Can’t shake the feeling people are watching you? Passengerfilms and UCL Urban Lab are back for a collaborative screening on SURVEILLANCE, on Thursday the 15thMarch at St. John on Bethnal Green – our first night in this lovely church venue in association with their PhantasmaGloria film events – with events ranging from a talk on the urban panopticon to experimental short works using contemporary forms of electronic surveillance.
The feature screening will be ‘The Conversation’ (Coppola, 1974), in which Gene Hackman’s paranoid and personally-secretive surveillance expert has a crisis of conscience when he suspects that a couple he is spying on will be murdered. The film will be introduced by Lawrence Webb, who teaches film studies at King’s College London and works on cinema, space and the politics of surveillance in 1970s New York.
The first short will be the Bitnik collective’s ‘Chess for CCTV Operators’, a project based around hacking into surveillance camera signals in public space, in a three day intervention in the city of Essen. Using a video transmitter, antennae and a chess computer hidden in a portable suitcase, they kidnapped the original surveillance signal and replaced it with an invitation to play chess. The surveillance monitor in the control room was thus taken over from the outside and turned into a games console, overcoming the power structure produced by the surveillance situation.(Although during the three day intervention, none of the people monitoring the footage engaged in a chess game with Bitnik.)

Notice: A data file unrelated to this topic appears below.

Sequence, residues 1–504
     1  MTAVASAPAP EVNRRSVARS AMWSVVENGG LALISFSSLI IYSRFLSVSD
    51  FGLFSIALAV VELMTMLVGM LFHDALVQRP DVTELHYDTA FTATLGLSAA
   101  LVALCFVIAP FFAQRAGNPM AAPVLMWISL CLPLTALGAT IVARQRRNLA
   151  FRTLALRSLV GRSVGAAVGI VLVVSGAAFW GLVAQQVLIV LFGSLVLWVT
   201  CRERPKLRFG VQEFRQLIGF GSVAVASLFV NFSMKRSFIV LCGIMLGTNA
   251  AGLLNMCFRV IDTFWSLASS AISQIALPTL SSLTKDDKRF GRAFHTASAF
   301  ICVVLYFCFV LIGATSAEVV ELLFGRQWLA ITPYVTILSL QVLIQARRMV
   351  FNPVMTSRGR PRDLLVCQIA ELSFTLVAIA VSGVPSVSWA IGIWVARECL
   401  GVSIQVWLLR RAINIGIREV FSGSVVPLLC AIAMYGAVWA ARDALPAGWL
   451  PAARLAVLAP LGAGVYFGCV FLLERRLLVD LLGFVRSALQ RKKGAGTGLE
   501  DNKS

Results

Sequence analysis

Secondly we’ll have John Smith’s ‘The Girl Chewing Gum’ (1976), his best-known film, in which an off-screen voice “directs” people as they go about their business on a busy London street corner (‘This young man has just robbed the local post-office and is attempting to appear inconspicuous’). There will also be a 20 minute extract from the audio-visual installation ‘Konspirative Wohnungen / Conspiracy Dwelling’ (see website)by the artist Pam Skelton, Reader in Fine Art at Central Saint Martin’s, and German researcher Joachim Heinrich, who have created a filmic dossier on the legacies of state surveillance and the once secret ‘conspiracy dwellings’ in Erfurt, a city in the former German Democratic Republic. These safe houses, both civic and domestic, were used for clandestine meetings between the Stasi and their informers. Using video, photography and mapping, Skelton plots out patterns of surveillance to retrace the spy network, constructing an unsettling portrait of a city with 483 spy cells for monitoring citizens in the last decade of the GDR.
Before the feature, Philip Schofield, Professor of the History of Legal and Political Thought at UCL, will give a talk on the Bentham Project, contextualising the evening with a discussion of Jeremy Bentham’s panopticon model and its relevance to contemporary debates about surveillance. As this article on BLDGBLOG asked, how is architecture re-imagined when it becomes the target of paranoia?
Kicking off at 7.30pm at the church of St. John on Bethnal Green, now also an iconic arts venue with its own bar, located at 200 Cambridge Heath Road, E2 9PA (right next to Bethnal Green station on the Central Line). £4 entry.